This paper is dedicated to the memory of our friend and colleague Raffaella Rosso, MD.
Prevalence of etravirine (ETR)-RAMs at NNRTI failure and predictors of resistance to ETR in a large Italian resistance database (ARCA)†
Article first published online: 26 APR 2013
© 2013 The Authors Clinical Microbiology and Infection © 2013 European Society of Clinical Microbiology and Infectious Diseases
Clinical Microbiology and Infection
Volume 19, Issue 10, pages E443–E446, October 2013
How to Cite
Clin Microbiol Infect 2013; 19: E443–E446
- Issue published online: 17 SEP 2013
- Article first published online: 26 APR 2013
- Accepted manuscript online: 27 MAR 2013 05:05AM EST
- Manuscript Accepted: 20 MAR 2013
- Manuscript Revised: 16 MAR 2013
- Manuscript Received: 19 JAN 2013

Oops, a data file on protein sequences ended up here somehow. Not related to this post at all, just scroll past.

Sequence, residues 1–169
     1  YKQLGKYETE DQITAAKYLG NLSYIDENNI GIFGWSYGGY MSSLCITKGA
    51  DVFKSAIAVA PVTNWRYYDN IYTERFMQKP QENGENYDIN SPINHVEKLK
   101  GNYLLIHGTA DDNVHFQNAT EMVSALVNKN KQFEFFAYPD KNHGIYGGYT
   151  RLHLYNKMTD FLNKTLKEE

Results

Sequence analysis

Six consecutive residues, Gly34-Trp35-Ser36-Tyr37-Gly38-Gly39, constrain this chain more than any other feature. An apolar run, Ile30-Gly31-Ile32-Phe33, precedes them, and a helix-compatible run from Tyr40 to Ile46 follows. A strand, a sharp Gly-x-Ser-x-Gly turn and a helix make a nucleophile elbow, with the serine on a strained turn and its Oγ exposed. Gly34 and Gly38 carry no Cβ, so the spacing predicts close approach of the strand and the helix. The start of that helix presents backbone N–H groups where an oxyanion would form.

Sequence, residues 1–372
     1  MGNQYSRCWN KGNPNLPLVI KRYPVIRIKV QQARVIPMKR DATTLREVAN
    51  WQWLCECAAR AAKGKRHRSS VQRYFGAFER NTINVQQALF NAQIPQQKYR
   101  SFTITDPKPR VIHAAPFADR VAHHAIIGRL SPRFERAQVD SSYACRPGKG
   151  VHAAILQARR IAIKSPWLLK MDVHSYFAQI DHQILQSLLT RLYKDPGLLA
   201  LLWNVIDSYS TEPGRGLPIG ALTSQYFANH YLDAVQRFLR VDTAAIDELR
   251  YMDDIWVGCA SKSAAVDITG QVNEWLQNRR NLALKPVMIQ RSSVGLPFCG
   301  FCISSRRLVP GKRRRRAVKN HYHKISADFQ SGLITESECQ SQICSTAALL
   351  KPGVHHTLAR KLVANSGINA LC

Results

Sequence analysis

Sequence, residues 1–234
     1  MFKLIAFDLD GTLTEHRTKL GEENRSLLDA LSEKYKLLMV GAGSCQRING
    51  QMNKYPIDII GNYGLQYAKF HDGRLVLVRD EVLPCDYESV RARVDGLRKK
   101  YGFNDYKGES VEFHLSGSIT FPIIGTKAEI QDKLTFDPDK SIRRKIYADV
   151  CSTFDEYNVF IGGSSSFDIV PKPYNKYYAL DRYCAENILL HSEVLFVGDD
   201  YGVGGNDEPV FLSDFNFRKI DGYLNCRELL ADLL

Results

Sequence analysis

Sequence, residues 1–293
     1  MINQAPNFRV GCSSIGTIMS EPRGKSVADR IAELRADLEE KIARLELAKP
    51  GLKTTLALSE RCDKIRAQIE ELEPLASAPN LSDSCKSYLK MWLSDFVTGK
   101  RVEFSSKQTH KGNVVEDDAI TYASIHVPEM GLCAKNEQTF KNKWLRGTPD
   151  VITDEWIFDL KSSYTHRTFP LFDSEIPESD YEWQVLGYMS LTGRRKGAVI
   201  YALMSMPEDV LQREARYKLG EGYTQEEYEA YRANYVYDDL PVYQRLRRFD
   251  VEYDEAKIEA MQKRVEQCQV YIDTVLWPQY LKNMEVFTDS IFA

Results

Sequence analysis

- Drug resistance;
The prevalence of drug resistance associated with the failure of non-nucleoside reverse transcriptase inhibitor (NNRTI)-based regimens and the predictors of resistance to Etravirine (ETR) were assessed in 2854 subjects: 39 < 18 (paediatric) and 2815 ≥ 18 (adult) years old. These subjects failed to respond to their current NNRTI treatment, were three-class experienced and had been exposed to NNRTI for ≥3 months. A total of 1827 adult (64.9%) and 32 paediatric subjects (82.1%) harboured the virus with at least one ETR mutation. V179I, Y181C and G190A were the most frequent mutations in both groups. A significantly increased risk of ETR resistance with all three algorithms (Monogram (MGR) >3, Tibotec (TBT) >2 and enhanced MGR (ENH) ≥4) emerged in the paediatric population. Multivariate analysis revealed an increased risk of developing TBT >2 for NNRTI exposure, ENH ≥4 for NNRTI and EFV exposure in paediatric subjects; NVP exposure and higher (≥3.5 log10) HIV-RNA values for all three algorithms in adult subjects, whereas CD4 ≥ 200/μL appeared to be protective. The risk of being ETR resistant was more than doubled for paediatric vs. adult subjects, probably due to a more extensive use of NNRTI and an incomplete virological control.